Posted on May 28th, 2020
A diagnosis of lung cancer can be devastating in everyone's life. Costs of lung cancer treatment starting from imaging and scans can soon overwhelm the patients as well as their families. However, individuals diagnosed with lung cancer after prolonged exposure to a hazardous agent have the right to claim financial compensation.
Lung cancer is the leading cause of cancer-related deaths throughout the world and is the most common occupation-related cancer. Being diagnosed with lung cancer can not only affect your physical and mental health but may also take a tremendous toll on your financial commitments. As per the AARP The Magazine, the total costs of cancer treatment can average up to $150,000, but it can be higher because containing and killing the cancer cells that divide and spread abnormally without affecting the nearby normal cells requires a wide range of treatment, which includes complicated surgery, lengthy radiation therapy, and chemotherapy for an extended period. Several factors are considered when determining the cost and quality, which include:
According to an analysis, the drug costs for lung cancer accounted for about 20% of total costs after the diagnosis, and other cancer care services such as hospital inpatient admission, and facility services accounted for 80% of the total costs. The report also shows significant use of inpatient hospital stays during the early months of diagnosis.
The costs of life-saving treatments continue to raise as cancer survival rates increase, and almost $150 billion is spent nationwide for cancer care per year. This is nearly four times the treatment cost for other common health issues, as per the report of The Mesothelioma Center. The drug costs per month for cancer treatment may be as high as $100,000. With the staggering costs associated with direct cancer care, the patients and their families try to arrange funds and avoid financial disaster. But, at the same time, the higher cost of lung cancer treatments can add distress, hardships, and burden. The hidden costs of lung cancer treatment in the form of travel expenses are serious hardship and an additional financial burden for nearly half of the cancer patients. Numerous studies have shown that unaffordable medical costs can impact the patient's health as much as the effects of cancer therapy, and researchers have termed it as "financial toxicity".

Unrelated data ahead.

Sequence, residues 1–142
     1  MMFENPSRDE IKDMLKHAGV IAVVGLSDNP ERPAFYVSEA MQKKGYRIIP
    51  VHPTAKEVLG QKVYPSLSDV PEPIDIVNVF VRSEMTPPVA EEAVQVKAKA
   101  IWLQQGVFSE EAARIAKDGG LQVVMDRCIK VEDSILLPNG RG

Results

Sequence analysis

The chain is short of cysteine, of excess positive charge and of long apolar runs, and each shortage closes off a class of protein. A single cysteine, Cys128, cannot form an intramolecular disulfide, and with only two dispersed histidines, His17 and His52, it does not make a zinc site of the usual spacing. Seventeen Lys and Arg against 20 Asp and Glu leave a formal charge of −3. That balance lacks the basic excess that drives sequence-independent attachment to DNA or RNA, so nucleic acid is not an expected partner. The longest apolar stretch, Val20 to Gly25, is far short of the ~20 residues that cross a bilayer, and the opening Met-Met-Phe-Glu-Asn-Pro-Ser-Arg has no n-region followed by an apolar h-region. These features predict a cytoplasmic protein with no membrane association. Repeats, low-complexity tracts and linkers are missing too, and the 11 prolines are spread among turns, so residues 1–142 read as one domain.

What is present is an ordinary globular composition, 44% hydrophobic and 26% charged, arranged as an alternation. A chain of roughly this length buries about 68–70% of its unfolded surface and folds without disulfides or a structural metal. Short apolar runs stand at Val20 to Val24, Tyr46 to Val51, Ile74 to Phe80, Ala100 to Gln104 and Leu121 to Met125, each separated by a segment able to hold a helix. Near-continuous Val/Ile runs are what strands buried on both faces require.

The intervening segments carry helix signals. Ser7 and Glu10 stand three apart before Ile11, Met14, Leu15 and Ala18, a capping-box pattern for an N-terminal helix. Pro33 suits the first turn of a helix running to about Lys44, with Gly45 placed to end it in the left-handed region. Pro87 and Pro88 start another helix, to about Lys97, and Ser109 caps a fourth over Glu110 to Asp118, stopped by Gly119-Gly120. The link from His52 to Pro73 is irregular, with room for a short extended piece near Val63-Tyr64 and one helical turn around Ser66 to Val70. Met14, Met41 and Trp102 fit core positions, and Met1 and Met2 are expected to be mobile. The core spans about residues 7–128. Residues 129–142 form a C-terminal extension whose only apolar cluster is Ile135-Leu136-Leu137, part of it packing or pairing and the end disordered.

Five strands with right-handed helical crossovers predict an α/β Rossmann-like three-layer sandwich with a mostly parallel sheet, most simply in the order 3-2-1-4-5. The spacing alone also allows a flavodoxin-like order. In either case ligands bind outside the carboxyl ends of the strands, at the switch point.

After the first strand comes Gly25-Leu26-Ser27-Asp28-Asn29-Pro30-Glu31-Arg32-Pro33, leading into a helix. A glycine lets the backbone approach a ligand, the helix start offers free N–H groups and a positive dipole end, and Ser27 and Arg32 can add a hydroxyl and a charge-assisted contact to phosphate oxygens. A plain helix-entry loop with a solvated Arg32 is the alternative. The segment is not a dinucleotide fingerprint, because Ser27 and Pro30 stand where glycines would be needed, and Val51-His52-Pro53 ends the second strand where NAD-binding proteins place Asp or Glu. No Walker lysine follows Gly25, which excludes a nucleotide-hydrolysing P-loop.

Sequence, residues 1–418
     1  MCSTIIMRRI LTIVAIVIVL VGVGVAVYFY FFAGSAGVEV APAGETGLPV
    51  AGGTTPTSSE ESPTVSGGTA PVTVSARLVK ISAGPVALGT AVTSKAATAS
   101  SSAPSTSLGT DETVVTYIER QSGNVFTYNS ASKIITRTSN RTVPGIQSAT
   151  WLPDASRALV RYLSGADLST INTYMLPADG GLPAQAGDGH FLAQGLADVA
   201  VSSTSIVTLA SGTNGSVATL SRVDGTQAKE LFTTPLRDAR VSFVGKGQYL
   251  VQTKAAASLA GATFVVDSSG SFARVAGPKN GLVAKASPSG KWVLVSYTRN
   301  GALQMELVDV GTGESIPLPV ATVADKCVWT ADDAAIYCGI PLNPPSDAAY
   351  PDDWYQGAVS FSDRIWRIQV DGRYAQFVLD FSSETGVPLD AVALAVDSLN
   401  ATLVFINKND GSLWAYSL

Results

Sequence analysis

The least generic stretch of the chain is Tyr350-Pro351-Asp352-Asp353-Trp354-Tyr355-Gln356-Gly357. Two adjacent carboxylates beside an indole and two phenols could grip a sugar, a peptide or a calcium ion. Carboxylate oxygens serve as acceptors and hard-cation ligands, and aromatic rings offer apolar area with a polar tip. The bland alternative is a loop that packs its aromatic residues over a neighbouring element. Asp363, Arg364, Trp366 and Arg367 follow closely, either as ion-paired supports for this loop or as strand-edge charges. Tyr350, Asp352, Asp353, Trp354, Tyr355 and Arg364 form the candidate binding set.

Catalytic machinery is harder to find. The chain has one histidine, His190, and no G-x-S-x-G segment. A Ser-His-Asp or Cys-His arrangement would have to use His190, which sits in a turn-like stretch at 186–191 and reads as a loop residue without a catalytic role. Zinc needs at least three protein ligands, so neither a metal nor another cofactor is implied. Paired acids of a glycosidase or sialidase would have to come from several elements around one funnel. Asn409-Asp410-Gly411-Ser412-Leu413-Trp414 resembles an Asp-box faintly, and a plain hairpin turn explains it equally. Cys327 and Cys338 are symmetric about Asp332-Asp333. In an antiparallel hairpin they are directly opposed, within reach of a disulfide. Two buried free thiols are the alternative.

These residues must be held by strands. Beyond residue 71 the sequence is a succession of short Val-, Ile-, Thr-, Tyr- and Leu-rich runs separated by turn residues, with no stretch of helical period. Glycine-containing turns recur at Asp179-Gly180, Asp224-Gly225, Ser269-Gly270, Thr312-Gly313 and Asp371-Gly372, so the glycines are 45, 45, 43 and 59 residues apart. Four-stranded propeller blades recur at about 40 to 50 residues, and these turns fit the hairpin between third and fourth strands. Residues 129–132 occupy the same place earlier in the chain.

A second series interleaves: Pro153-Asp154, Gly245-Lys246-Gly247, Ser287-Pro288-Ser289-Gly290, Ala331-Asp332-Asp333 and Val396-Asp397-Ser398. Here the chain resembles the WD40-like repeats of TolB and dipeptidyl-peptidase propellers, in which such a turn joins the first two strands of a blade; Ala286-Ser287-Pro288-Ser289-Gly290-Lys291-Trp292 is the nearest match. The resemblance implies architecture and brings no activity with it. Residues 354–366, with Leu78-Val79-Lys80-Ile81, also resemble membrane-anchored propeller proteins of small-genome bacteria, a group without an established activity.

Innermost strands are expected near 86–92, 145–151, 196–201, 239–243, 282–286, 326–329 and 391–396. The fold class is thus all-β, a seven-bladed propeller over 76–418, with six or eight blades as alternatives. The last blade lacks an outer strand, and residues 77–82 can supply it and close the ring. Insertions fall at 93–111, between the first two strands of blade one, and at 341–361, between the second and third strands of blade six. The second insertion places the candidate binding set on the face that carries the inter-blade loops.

Workplace toxic exposure related lung cancer has a long latency period, which means that workers start developing the symptoms of lung cancer decades after they were initially exposed to hazardous agents. As a result, workers after retiring from their jobs will have to pay high treatment costs, which range from $55,548 to $798,181 during the initial six months (study published in Cancer Medicine, January 2019) out-of-pocket.
The estimated lifetime cost of lung cancer treatment and other health care expenses was estimated to be up to $282,000. Lung cancer can be treated through three primary approaches including surgery, radiation, and drug therapy (chemotherapy, hormone therapy, immunotherapy, and targeted therapy). A few patients may need all three treatment modalities, while others receive one or two types. As a result, the costs you need to bear may vary and depend on the factors such as:
Although it is impossible to be accurate, here are the average costs of different approaches to lung cancer treatment:
Post-operative care is also costly as it includes dealing with complications, the cost of scans, follow-up treatment such as chemotherapy, and home care.
According to the data from the Hutchinson Institute for Cancer Outcomes Research, 2016, patients suffering from cancer are 2.5 times more likely to declare bankruptcy as compared to healthy people. Here are examples of financially difficult situations that were experienced by patients with cancer in the order of severity:
Thus, high costs of cancer treatment often clash with proper care and as per research, an estimated 2 million cancer survivors gave up one or more essential medical services because of the cost. Some patients decide on taking less medicine than advised, fill their prescriptions partially, or even do not fill at all, and skip treatment procedures or tests recommended by their doctor just to make ends meet. Financial hardships due to expensive cancer care may lead to a lack of adequate food, shelter, and other utilities jeopardizing the health of cancer patients.